The dose ranges for the administration of the p40 homodimer protein may be determined by those of ordinary skill in the art without undue experimentation. In general, appropriate dosages are those which are large enough to produce the desired effect, for example, blocking the binding of IL-12 to its receptor. The dosage should not be so large as to cause adverse side effects, such as unwanted cross-reactions, anaphylactic reactions, and the like. Generally, the dosage will vary with the age, condition, sex and extent of disease in the patient, counter indications, if any, immune tolerance and other such variables, to be adjusted by the individual physician. The p40 homodimer protein can be administered parenterally by injection or by gradual perfusion over time. It can be administered intravenously, intraperitoneally, intramuscularly, or subcutaneously.
Pharmaceutically acceptable carriers and preparations for parenteral administration include sterile or aqueous or non-aqueous solutions, suspensions, and emulsions. Examples of non-aqueous solvents are propylene glycol, polyethylene glycol, vegetable oils such as olive oil, and injectable organic esters such as ethyl oleate. Aqueous carriers include water, alcoholic/aqueous solutions, emulsions or suspensions, including saline and buffered media. Parenteral vehicles include sodium chloride solution, Ringer's dextrose, dextrose and sodium chloride, lactated Ringer's, or fixed oils. Intravenous vehicles include fluid and nutrient replenishers, electrolyte replenishers, such as those based on Ringer's dextrose, and the like. Preservatives and other additives may also be present, such as, for example, anti-microbials, anti-oxidants, chelating agents, inert gases and the like. See, generally, Remington's Pharmaceutical Science. 16th Ed., Mack Eds., 1980.
The invention also relates to method for preparing a medicament or pharmaceutical composition comprising the P40 homodimer protein of the invention.
KIT225/K6, an IL-2-dependent subclone derived from the human T cell line KIT225 (14), was obtained from Dr. T. Waldmann, NIH/NCI (Bethesda, Md.). These cells were previously found to express IL-12 receptors (15). KIT225/K6 cells were cultured in RPMI 1640 medium (BioWhittaker, Walkersville, Md.) supplemented with 2 mM L-glutamine (Sigma, St. Louis, Mo.), 100 U/ml penicillin, 100 μg/ml streptomycin (Gibco, Grand Island, N.Y.), 15% FCS (JRH Biosciences, Lenexa, Kans.), and 100 U/ml human rIL-2 (Dr. F. Khan, Hoffmann-La Roche, Nutley, N.J.). COS cells were cultured in DMEM (Gibco) with 4500 mg/liter glucose, 2 mM L-glutamine, 50 U/ml penicillin, 50 μg/ml streptomycin and 10% FCS (JRH Biosciences).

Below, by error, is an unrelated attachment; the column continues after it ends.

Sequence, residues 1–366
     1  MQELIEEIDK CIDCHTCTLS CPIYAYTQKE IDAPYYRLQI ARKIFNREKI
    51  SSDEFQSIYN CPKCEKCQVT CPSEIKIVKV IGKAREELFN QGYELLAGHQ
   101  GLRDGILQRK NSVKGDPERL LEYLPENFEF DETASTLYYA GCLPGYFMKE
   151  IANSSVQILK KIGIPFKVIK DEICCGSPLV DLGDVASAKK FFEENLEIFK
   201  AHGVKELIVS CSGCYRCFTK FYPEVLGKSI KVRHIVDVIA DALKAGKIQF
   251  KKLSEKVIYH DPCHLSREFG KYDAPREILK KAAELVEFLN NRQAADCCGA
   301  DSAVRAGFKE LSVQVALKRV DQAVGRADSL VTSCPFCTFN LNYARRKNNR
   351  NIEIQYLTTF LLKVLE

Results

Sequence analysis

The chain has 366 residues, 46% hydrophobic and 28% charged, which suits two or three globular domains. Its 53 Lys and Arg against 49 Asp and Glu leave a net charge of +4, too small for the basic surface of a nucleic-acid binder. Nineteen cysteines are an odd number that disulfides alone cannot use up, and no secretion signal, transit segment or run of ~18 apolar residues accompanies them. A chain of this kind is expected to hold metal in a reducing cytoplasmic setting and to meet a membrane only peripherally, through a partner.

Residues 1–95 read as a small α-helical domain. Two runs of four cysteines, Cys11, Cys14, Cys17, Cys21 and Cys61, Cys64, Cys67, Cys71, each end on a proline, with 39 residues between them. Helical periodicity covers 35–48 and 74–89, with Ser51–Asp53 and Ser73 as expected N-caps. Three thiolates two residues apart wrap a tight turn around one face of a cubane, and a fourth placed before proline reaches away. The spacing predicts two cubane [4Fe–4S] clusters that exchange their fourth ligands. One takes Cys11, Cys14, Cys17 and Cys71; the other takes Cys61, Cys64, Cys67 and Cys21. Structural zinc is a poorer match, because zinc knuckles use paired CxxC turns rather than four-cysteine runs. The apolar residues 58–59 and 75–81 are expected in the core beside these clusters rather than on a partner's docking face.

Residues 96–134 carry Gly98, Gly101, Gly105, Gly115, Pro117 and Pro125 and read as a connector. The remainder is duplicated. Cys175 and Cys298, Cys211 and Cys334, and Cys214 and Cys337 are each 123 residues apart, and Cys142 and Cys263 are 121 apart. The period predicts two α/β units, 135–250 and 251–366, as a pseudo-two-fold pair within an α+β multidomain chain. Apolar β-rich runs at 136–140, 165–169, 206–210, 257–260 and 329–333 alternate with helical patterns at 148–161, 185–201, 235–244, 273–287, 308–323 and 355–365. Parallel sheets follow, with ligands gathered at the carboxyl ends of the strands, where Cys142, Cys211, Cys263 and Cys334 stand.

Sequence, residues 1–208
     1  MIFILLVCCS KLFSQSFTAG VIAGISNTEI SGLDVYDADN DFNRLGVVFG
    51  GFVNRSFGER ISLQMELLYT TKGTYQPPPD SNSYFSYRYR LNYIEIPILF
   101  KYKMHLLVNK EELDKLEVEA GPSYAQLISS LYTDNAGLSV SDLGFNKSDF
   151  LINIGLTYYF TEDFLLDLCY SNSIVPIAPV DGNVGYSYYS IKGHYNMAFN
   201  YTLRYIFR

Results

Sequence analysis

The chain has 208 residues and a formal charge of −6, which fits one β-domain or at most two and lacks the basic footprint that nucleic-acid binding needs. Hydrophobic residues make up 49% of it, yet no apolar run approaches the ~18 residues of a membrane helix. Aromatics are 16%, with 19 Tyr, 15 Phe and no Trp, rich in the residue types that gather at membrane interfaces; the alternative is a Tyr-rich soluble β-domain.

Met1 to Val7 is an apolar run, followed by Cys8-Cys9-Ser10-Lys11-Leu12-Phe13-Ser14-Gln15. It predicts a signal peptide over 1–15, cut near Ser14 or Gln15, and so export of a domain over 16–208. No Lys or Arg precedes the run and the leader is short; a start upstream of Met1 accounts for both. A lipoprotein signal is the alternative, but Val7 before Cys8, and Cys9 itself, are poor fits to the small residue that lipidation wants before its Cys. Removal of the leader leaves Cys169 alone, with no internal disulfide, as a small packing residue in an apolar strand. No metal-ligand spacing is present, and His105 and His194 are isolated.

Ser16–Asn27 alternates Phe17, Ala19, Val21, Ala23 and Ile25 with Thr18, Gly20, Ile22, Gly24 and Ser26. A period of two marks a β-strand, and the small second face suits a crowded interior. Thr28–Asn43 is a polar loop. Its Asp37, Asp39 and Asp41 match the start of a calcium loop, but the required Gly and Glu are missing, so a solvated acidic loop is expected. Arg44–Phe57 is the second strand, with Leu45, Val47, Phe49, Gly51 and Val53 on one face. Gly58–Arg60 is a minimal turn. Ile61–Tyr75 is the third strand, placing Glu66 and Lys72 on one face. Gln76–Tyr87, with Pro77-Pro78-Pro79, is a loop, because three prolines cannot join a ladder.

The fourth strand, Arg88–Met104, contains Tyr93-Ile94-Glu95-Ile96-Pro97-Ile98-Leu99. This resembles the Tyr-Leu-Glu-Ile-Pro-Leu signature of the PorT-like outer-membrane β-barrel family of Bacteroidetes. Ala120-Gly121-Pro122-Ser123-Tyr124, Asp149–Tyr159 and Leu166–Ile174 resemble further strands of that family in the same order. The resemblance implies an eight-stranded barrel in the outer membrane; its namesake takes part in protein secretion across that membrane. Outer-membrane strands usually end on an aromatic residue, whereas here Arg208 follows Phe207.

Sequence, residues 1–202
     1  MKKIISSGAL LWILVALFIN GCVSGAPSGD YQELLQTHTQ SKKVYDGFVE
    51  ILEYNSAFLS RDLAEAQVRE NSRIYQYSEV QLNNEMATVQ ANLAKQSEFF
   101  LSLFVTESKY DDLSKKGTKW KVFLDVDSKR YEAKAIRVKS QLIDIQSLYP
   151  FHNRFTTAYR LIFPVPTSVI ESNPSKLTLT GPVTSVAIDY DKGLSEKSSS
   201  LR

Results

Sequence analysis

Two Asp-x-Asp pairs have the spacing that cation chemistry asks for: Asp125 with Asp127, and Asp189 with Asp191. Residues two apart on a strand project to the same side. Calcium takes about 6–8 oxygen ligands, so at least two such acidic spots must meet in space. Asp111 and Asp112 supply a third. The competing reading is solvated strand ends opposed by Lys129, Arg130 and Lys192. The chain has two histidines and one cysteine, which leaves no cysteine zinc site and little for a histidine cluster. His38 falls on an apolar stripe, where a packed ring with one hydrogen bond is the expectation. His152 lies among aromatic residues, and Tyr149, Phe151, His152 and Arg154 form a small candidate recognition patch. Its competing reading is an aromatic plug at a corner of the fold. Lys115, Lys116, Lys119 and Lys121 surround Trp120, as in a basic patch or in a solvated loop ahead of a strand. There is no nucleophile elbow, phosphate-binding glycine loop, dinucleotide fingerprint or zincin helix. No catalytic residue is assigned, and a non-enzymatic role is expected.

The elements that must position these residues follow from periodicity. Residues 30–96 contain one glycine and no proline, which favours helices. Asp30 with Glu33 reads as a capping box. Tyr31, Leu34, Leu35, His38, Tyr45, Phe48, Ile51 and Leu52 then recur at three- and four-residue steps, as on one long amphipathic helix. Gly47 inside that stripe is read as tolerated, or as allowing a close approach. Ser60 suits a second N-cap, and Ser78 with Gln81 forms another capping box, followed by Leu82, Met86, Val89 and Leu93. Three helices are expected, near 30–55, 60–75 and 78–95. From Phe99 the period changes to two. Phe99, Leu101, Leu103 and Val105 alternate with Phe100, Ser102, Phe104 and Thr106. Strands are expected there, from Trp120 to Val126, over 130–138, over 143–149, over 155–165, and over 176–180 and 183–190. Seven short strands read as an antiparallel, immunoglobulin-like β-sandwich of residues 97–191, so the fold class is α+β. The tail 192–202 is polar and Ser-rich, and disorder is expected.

Expression of IL-12 subunits.
The IL-12 expression constructs for COS-expression were built in the pEF-BOS vector which contains the promoter of the human polypeptide chain elongation factor 1α(EF-1α) chromosomal gene (16a). The cDNA fragments containing the entire coding region of the human or mouse p40 or p35 cDNAs generated by polymerase chain reaction (PCR) using the primers complementary to the beginning and end of the subunit cDNA coding sequences as described previously (6, 13) were subcloned individually into the pEF-BOS vector at the Xba 1 cloning site by blunt end ligation (standard procedure). The ligation products were transformed into E. coli strain DH-5 alpha, and the resulting colonies were screened by PCR for the correct insert orientation by using a forward primer within the pEF-BOS promoter and a reverse primer within the subunit coding sequences. Positive clones were selected and amplified in E. coli strain MC 1161. Plasmid DNAs were prepared by using the QJAGEN plasmid kit (Ojagen, Chatsworth, Calif.) and transfected into COS cells by using the DEAE dextran/chloroquine method (17). The DNAs at a concentration of 2 μg/ml were mixed with 10% Nutridoma-SP (Boehringer Mannheim, Indianapolis, Ind.), 0.5 mg/ml DEAE dextran and 0.05 mg/ml chloroquine in DMEM (Dulbelcco's modified essential medium) medium and applied to COS cells seeded for 16 h. After a 2.5-3 h incubation, the cells were treated with 10% DMSO in serum free DMEM medium for 3 min followed by washing with DMEM medium, and then cultured in DMEM/10% FCS medium. Supernatant fluids were collected from the cultures of transfected COS cells after 72 h. Coexpression of p40 and p35 subunits was performed by mixing the two plasmid DNAs at a 1:1 (W/W) ratio in transfection reagents. The supernatant fluids derived from the COS cultures transfected with pEF-BOS wild-type plasmid DNA were used as controls.
The human IL-12 p40 construct for expression in Baculovirus system was built in pACDZ-1 vector (16b) (obtained from R. Gentz, F. Hoffmann-La Roche Ltd, Basel, Switzerland) at BamH1 site by using same approach described above. A recombinant baculovirus expressing the p40 chain was generated by cotransfecting SF9 cells with wild type baculovirus DNA and the p40 expressing plasmid pACDZ-1. Limited dilution cloning in microtiterplates was used to isolate a single recombinant baculovirus expressing the human IL-12 p40 subunit.
IL-12 receptor binding and proliferation assays.